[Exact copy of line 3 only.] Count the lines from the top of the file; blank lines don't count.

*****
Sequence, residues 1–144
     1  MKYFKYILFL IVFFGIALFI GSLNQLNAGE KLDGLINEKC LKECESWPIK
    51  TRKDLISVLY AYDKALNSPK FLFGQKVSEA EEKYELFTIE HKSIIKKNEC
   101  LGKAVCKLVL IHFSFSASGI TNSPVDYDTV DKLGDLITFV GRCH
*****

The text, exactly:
    51  TRKDLISVLY AYDKALNSPK FLFGQKVSEA EEKYELFTIE HKSIIKKNEC